This article is by Brian Sherwin, Regular contributing writer for FineArtViews. Brian Sherwin is an art critic, blogger, curator, artist and writer based near Chicago, Illinois. He has been published in Hi Fructose Magazine, Illinois Times, and other publications, and linked to by publications such as The Huffington Post, The Boston Globe, Juxtapoz Magazine, Deutsche Bank ArtMag, ARTLURKER, Myartspace, Blabbermouth, Milwaukee Journal Sentinel, Modern Art Obsession, Citizen LA, Shark Forum, Two Coats of Paint and Art Fag City. You should submit an article and share your views as a guest author by clicking here.
A street installation by Mark Jenkins.
Mark Jenkins is not a street artist in what many would consider the traditional sense of the label. His focus has long been the use of materials to create sculptures instead of utilizing spray paint, stencils, and other tools of expression that are most often attributed to street artists. His street installations are often created with packing tape and other materials that are traditionally not considered materials for the creation of art. These tape sculptures have found themselves placed on buildings, in alleyways, and other provocative locations throughout the world. Yet another example that there is more to street art than a cheap can of enamel spray paint and an anti-social attitude that is so often thought when street art is discussed.
Jenkins views his street installations as a form of performance art which involves anyone who comes into contact with his street sculptures.-- which are often placed in public spaces without consent from local authorities or property owners. He has described his practice as the use of the street as a stage. In that sense his artistic vision goes beyond the mere materials of his sculptural creations. Jenkins vision includes how those who stumble upon his art react to the work. One could suggest that individuals who discover Jenkins tape sculptures--and other works-- become materials involved in a much larger project-- one that Jenkins documents through use of a camera and other forms of recording encounters.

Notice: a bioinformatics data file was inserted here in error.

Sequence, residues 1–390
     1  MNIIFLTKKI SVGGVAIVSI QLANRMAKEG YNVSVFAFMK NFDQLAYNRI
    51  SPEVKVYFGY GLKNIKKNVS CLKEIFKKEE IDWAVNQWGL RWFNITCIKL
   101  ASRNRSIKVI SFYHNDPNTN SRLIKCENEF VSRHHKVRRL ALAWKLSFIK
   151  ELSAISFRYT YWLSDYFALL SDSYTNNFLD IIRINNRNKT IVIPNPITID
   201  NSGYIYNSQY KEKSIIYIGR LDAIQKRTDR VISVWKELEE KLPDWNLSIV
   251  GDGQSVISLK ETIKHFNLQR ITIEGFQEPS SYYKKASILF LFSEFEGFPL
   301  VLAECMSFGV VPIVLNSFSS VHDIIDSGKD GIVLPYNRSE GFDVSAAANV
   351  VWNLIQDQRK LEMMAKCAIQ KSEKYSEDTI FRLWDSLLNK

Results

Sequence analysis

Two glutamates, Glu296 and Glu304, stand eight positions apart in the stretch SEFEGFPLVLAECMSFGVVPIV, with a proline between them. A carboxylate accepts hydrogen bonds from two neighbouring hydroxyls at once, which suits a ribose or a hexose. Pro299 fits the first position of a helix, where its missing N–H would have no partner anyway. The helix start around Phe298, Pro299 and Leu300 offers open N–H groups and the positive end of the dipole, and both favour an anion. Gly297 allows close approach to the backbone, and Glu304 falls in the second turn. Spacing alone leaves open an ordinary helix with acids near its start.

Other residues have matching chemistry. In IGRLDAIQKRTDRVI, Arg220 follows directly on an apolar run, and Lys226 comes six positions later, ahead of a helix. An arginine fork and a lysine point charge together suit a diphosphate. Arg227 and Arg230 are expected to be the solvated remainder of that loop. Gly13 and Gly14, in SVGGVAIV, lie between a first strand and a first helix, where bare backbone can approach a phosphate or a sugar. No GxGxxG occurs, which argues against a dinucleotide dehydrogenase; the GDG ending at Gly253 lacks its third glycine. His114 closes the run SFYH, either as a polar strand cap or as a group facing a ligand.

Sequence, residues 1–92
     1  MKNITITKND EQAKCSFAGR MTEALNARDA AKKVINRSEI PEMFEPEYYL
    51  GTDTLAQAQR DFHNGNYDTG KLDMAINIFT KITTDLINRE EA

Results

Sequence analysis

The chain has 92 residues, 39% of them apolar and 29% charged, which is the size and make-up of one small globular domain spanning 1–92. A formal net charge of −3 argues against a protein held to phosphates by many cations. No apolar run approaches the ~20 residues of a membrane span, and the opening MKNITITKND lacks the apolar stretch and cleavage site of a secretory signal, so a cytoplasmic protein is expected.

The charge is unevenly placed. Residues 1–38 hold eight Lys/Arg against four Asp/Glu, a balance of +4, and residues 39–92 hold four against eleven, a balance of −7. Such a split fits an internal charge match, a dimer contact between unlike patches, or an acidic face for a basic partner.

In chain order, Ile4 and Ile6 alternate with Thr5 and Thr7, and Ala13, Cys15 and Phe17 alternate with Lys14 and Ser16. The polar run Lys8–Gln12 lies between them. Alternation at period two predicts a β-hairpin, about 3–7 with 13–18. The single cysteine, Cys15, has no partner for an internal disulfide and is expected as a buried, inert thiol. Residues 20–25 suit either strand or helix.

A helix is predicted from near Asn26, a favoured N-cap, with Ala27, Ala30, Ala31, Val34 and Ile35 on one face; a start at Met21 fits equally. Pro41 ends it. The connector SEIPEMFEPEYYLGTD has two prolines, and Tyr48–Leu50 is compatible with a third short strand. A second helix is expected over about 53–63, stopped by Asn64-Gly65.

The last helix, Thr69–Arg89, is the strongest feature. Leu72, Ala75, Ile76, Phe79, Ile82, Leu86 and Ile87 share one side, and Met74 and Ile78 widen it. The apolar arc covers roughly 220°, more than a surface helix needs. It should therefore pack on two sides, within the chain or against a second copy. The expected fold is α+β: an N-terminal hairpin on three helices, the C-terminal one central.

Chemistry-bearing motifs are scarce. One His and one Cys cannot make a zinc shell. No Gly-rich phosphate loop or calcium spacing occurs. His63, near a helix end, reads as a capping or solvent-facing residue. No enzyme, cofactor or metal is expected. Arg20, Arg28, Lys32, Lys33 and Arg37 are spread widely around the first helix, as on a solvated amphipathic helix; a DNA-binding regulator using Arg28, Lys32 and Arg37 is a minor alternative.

When I interviewed Mark Jenkins in 2008 he discussed the risk involved with creating art on the streets-- both physically to the artist and in regard to authorities of law. He said, "There is opposition, and risk, but I think that just shows that street art is the sort of frontier where the leading edge really does have to chew through the ice.". His point was that street artists-- in general-- are not the "bad guys". Street art is not always the creation of destructive thugs we read about in the news-- sometimes they are artists who create 'smart' art that appeals to our need to learn more about the condition of the society in which we live.
Another example of an installation by Mark Jenkins.
Obviously that can be debated depending on your view of how public and private property should be utilized no matter how valid the expression. That said, street art-- especially the caliber of street art created by artists such as Mark Jenkins-- make the daily humdrum of civic travel a tad more visually interesting. One could suggest that it is a form of public art without boundaries.
Jenkins public works often appear to be scenarios that play on trace memories the viewer may have of situations that we have all faced in our travels-- be they trivial or threatening. Tape sculpture dogs pick through trash as if to remind us that more should be done to help animals in need-- stoic gang members sit in observance as we go about our corporate lives... a life that is very different from the lives experienced by troubled inner-city youths. These street installations can be interpreted as reminders of the guilt we may have over specific issue, the fears we have of specific scenarios, and an exploration of what we see in our daily lives-- but rarely care to observe unless shown in a manner that contradicts our solid reality.
Mark Jenkins went on to tell me that the struggle over public space is a "battleground"-- with government officials, corporate advertisers, and street artists all striving to capture the attention of the public. Battleground or not, legal or not-- the break from visual monotony is a worthwhile addition to the daily grind that so many of us experience in our travels. One thing is for certain-- Jenkins will continue to utilize his societal/street 'stage'. I always look forward to the next act.
Take care, Stay true,